The outsiders of the Champions League final show that football is not dead

In a campaign dominated by big spenders while bookies favourites have won all titles, the final of the Champions League Liverpool against Tottenham is an exception.

The outsiders of the Champions League final show that football is not dead
The outsiders of the Champions League final show that football is not dead

Developed through the ages, codified in Victorian England, deceased in 2019.

The most popular sport in the world may be irrevocably altered, but a feeling that it has been damaged, fractured and removed from its roots has recently been reflected.

The successes continued to succeed, keeping the top five European championship titles. Man City has achieved an unprecedented treble by recording the biggest FA Cup victory.

It is a procession to the glory of the favourites else the argument went late.

The outsiders of the Champions League final show that football is not dead
The outsiders of the Champions League final show that football is not dead

Except that the final of the Champions League represents an embarrassing refutation of this theory. Liverpool and Tottenham may play in the richest league in the world, but their journey to Madrid – the Spurs’ in particular, was marked by drama to recall the initial and innate appeal of the game.

These campaigns are not intended to spend more than everyone else. Tottenham, as they say, has not bought anyone since January 2018.

Liverpool may have spent huge sums of money on Virgil van Dijk and Alisson, but they can claim that the sale of Philippe Coutinho has financed both the £ 142m it has made, a record profit of £ 125m last year and that, generated by the Champions League, they generate their own income.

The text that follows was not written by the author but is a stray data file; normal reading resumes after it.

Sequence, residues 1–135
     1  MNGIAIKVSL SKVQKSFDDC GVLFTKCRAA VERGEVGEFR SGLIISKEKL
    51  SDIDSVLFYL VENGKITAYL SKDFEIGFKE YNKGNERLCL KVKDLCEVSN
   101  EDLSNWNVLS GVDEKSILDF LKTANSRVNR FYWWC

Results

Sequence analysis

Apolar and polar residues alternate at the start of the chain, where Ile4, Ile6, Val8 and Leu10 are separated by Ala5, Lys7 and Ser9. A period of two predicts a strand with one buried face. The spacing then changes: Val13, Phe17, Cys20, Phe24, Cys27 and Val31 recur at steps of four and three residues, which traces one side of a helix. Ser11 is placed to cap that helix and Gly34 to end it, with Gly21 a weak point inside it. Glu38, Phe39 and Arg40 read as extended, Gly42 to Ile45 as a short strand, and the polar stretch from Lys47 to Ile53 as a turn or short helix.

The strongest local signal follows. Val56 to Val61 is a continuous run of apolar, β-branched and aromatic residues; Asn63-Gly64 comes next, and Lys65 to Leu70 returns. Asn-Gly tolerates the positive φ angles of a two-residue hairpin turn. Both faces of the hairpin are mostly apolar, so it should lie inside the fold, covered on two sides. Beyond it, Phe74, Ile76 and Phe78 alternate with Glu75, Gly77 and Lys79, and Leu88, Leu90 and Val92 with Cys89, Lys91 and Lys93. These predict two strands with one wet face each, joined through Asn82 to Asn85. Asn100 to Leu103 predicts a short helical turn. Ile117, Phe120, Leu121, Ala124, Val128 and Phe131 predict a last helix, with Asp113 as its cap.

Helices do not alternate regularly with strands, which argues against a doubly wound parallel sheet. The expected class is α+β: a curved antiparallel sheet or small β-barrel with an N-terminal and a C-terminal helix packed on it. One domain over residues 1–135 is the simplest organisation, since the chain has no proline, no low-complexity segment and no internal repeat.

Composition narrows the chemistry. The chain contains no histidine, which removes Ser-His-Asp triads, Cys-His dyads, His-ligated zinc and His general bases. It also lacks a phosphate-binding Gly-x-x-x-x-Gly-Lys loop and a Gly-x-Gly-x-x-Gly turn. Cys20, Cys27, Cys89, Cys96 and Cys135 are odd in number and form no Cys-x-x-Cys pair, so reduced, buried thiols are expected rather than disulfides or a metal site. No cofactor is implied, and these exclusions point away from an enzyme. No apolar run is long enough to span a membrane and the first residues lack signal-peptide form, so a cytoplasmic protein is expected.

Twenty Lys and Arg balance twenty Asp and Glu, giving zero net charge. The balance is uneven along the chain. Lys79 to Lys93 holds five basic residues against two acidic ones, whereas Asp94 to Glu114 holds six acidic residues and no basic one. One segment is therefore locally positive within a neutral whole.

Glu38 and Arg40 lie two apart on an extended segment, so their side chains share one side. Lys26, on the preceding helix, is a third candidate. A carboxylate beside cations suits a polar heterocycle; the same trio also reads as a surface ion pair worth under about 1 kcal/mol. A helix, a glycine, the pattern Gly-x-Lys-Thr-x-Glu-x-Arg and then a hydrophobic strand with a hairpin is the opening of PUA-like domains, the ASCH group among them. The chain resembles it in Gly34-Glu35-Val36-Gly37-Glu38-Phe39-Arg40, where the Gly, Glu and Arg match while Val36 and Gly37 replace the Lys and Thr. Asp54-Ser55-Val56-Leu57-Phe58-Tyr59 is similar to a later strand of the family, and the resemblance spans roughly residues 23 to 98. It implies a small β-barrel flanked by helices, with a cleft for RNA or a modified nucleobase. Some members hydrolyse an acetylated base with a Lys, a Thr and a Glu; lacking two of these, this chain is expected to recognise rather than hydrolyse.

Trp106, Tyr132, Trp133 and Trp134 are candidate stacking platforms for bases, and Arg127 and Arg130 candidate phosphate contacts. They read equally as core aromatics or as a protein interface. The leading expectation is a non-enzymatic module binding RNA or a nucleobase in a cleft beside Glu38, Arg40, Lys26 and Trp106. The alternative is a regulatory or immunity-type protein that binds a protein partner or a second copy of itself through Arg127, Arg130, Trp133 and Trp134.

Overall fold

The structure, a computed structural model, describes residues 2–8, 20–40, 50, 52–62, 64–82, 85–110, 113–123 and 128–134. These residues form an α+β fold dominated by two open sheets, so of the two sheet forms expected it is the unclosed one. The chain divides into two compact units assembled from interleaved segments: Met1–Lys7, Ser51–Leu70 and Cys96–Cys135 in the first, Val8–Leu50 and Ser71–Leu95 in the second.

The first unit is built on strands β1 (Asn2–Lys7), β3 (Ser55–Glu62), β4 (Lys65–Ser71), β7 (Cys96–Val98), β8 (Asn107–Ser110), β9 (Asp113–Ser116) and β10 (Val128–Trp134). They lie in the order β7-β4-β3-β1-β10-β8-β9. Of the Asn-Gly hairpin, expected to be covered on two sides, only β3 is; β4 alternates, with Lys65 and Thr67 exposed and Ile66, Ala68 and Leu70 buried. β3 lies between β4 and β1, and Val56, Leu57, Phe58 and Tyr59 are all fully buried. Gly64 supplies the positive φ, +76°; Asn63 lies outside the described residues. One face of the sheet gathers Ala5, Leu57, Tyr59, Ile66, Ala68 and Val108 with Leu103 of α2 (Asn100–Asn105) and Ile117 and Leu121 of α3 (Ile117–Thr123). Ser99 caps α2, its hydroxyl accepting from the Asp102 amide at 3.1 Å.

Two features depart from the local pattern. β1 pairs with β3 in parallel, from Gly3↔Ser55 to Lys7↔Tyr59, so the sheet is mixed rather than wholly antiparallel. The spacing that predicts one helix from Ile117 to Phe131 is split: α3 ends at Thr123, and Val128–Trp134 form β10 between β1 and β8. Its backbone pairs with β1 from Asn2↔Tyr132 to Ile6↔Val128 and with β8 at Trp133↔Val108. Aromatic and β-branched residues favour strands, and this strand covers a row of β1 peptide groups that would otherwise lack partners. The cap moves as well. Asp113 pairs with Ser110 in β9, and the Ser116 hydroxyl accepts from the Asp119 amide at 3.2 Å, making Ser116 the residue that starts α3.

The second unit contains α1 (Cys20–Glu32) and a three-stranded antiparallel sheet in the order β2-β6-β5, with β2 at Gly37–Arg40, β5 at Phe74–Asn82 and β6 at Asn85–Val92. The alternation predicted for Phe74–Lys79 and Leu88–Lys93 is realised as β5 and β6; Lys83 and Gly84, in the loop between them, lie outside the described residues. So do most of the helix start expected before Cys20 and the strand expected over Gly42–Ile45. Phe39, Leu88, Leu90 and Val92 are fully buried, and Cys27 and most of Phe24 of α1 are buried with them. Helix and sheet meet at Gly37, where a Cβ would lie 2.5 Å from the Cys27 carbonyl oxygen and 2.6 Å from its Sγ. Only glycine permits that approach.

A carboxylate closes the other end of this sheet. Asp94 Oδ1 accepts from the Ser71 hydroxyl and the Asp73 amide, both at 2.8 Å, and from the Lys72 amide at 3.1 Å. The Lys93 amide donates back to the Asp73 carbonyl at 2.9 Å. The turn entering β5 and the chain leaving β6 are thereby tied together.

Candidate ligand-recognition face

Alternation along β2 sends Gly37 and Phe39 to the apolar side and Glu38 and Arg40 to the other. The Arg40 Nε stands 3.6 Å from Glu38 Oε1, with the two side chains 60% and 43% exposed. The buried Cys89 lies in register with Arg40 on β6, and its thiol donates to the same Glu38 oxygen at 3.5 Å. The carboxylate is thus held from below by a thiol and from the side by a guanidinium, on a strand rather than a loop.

In the midst of modern fares, Liverpool’s progress and staff are out of date. Final is not far away and champions league fanatics have got their Champions League final tickets.

The camp may be more cosmopolitan, larger amounts, idiosyncratic tactics, but there are threads that cross their successes.

It is a challenge that traditionalists can rejoice.

Their players often have modest origins. For Andy Robertson, a defenseman with a resume at Queen’s Park, read Alan Hansen, this former Partick Thistle.

See Alan Kennedy for Xherdan Shaqiri, Gini Wijnaldum and Robertson, all relegated from the Premier League to their former employers.

Mark Lawrenson, a member of a South Coast club in Brighton, looks at the Old Boys Battalion in Southampton.

For Trent Alexander-Arnold, the local who played in a Champions League final in his first football season think of Sammy Lee.

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